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Lavender Orp Pullets or Roos? - Page 2

post #11 of 18
Aw, poor little guy. I don't know if that is genetic or not. When I used to hatch eggs in the incubator there would be some hatched out with no problems and some would crack the egg just a bit and stop, and then some that wouldn't hatch at all. Most times when I would help the ones who just barely pipped, out of their shell,they would have leg issues.It was hard not to help them because they were obviously alive. Sometimes the leg got stronger, sometimes not. Could be what happened here. But I was hatching bantams back then so, like I said I'm new to Orpingtons.These guys are pretty, I'm glad they got a good home smile.png
post #12 of 18
Thread Starter 
Better photo of chick #2
post #13 of 18
Thread Starter 
Quote:
Originally Posted by Tweety70 View Post

Aw, poor little guy. I don't know if that is genetic or not. When I used to hatch eggs in the incubator there would be some hatched out with no problems and some would crack the egg just a bit and stop, and then some that wouldn't hatch at all. Most times when I would help the ones who just barely pipped, out of their shell,they would have leg issues.It was hard not to help them because they were obviously alive. Sometimes the leg got stronger, sometimes not. Could be what happened here. But I was hatching bantams back then so, like I said I'm new to Orpingtons.These guys are pretty, I'm glad they got a good home smile.png


Thanks :)

They are feathering out a little slow and seemed under nourished when I got them home. Another chicken keeping lesson, I suppose.

I do think #3, the one with the bad leg, is a roo. I have been calling him Igor. Thought about culling him but since we are not breeding for chicks and he gets along okay just leave him be.

post #14 of 18
Igor that's cute lol I think your right them (male/female) they are pretty!
post #15 of 18
The chick with the bad leg appears to have a slipped tendon...I've had this in guineas..I've never noticed it to be genetic however most times it's a deformity of the groove the tendon sits in, sometimes can be injury related as well...if it was injury related it could be repaired by placing it back in place and wrapping it there about a week or 2 but if it's not I'm afraid it will eventually almost twist totally around as the bird grows making him walk on the hock which will be painful.
I have 1 fat cat, and raise true black/blue, silver, white and wheaten Ameraucanas, runmpless araucana, Olive eggers, speckled sussex, wheaten and copper marans, lavender orpingtons, 1 pet delaware hen, white crested and buff laced polish, 1 pet barred rock hen,1 ring neck cock pheasant, 6 ring neck hens, 4 guinea fowl, a smorgasbord of turkeys, 2 kids, and 1 husband.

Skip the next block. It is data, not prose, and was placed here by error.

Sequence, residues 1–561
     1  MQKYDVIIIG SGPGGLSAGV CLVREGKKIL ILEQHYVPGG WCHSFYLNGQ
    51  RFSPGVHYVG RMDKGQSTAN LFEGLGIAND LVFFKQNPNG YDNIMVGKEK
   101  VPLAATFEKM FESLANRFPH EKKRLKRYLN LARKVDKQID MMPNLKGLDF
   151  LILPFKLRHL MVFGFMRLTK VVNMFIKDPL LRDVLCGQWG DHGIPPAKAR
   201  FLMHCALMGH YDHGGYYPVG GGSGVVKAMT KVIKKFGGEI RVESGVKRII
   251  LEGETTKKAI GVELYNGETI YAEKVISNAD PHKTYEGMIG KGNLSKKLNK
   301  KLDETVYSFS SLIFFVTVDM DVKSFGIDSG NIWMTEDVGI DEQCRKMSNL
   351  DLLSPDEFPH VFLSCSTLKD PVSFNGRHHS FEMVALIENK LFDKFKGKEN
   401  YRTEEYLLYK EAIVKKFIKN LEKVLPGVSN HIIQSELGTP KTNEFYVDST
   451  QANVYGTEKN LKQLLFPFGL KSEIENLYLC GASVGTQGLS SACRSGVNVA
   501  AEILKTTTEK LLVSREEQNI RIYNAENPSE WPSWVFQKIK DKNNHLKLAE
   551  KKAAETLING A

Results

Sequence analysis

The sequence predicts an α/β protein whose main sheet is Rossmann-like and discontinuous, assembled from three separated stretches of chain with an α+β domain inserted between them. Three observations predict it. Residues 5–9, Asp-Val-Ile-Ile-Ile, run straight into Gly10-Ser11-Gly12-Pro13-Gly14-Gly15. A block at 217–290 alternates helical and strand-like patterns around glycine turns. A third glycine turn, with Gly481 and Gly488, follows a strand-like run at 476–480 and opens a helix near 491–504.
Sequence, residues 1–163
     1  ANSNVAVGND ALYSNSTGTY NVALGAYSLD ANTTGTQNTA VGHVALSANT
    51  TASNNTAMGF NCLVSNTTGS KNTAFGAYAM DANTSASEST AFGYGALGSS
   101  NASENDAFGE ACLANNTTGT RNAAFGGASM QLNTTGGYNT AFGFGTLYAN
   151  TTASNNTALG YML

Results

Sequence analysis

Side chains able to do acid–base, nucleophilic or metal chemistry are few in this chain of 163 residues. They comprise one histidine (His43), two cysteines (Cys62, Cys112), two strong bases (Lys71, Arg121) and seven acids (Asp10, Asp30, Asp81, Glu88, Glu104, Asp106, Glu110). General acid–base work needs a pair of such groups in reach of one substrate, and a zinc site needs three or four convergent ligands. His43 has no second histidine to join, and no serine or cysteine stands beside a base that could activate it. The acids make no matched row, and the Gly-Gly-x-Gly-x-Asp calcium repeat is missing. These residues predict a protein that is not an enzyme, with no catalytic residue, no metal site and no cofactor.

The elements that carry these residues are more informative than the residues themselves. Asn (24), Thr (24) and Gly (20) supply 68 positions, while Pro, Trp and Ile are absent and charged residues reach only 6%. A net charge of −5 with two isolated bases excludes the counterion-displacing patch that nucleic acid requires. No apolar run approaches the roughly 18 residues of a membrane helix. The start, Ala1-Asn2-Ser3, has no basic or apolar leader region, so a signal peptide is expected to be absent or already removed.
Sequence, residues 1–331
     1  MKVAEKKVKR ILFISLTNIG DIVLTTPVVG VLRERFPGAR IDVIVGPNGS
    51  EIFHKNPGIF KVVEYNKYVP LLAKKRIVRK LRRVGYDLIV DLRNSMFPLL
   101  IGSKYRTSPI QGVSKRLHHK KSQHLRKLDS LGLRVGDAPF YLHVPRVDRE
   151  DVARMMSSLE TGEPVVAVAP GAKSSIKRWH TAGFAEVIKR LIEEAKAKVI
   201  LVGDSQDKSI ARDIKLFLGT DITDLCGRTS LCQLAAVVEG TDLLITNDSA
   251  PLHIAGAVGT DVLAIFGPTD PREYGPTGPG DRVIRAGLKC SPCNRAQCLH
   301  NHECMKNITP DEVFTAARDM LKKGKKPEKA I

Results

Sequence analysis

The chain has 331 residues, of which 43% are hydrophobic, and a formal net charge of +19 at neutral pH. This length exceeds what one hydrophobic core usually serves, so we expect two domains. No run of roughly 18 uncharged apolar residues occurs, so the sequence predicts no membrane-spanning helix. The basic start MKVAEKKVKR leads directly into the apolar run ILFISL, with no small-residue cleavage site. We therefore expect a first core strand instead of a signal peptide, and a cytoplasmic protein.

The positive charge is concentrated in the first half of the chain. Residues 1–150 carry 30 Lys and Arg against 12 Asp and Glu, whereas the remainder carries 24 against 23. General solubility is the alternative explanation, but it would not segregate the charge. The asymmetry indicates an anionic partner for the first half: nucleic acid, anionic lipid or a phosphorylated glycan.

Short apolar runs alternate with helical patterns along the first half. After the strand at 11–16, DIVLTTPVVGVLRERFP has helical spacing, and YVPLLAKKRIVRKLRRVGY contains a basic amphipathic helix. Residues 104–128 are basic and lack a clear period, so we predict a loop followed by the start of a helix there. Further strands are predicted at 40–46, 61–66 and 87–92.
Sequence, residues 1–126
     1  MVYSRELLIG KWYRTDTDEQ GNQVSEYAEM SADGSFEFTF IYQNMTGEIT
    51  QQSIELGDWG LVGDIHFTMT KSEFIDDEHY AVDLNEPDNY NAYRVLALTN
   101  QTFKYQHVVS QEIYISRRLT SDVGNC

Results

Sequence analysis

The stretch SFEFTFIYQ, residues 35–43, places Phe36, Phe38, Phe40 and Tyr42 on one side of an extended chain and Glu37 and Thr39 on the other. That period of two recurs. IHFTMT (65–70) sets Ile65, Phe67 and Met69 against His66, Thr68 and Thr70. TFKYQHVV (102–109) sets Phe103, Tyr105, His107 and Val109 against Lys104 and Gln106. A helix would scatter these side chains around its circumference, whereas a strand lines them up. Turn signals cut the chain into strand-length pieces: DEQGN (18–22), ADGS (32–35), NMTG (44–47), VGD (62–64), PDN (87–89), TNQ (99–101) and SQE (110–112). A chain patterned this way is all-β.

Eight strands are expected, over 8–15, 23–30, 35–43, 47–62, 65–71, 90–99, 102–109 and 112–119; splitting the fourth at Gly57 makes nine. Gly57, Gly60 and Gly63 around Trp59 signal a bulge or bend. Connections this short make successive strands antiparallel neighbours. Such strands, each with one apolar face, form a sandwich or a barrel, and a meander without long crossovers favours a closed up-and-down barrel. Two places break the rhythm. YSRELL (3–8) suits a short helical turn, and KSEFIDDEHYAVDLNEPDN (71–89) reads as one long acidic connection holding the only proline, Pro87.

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I have 1 fat cat, and raise true black/blue, silver, white and wheaten Ameraucanas, runmpless araucana, Olive eggers, speckled sussex, wheaten and copper marans, lavender orpingtons, 1 pet delaware hen, white crested and buff laced polish, 1 pet barred rock hen,1 ring neck cock pheasant, 6 ring neck hens, 4 guinea fowl, a smorgasbord of turkeys, 2 kids, and 1 husband.
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post #16 of 18
Thread Starter 

Slipped tendon is what I came up with too. His sister, who was very very sweet, ended up with it eventually also. Culled both.

 

The "breeder" called me a con artist when I let her know. Sad on both accounts.

post #17 of 18
My guess would be
Picture 1- pullet
Picture 2- pullet
Picture 3- cockerel
post #18 of 18

Sorry you had to cull, though most times it is for the best as it does become extremely painful for the bird. As for the breeder, it was wrong on their part to call you a con artist. It unfortunately is something that happens and if it can be linked to a genetic issue it should be resolved by eliminating it as much as possible. It's simply bad business to sell birds with any type of defect, unless of course it's unknown at the time and in that case the breeder should be thankful it was brought to their attention, not insult the buyer for identifying it.


Edited by Firekin1 - 2/15/16 at 6:55am
I have 1 fat cat, and raise true black/blue, silver, white and wheaten Ameraucanas, runmpless araucana, Olive eggers, speckled sussex, wheaten and copper marans, lavender orpingtons, 1 pet delaware hen, white crested and buff laced polish, 1 pet barred rock hen,1 ring neck cock pheasant, 6 ring neck hens, 4 guinea fowl, a smorgasbord of turkeys, 2 kids, and 1 husband.
Reply
I have 1 fat cat, and raise true black/blue, silver, white and wheaten Ameraucanas, runmpless araucana, Olive eggers, speckled sussex, wheaten and copper marans, lavender orpingtons, 1 pet delaware hen, white crested and buff laced polish, 1 pet barred rock hen,1 ring neck cock pheasant, 6 ring neck hens, 4 guinea fowl, a smorgasbord of turkeys, 2 kids, and 1 husband.
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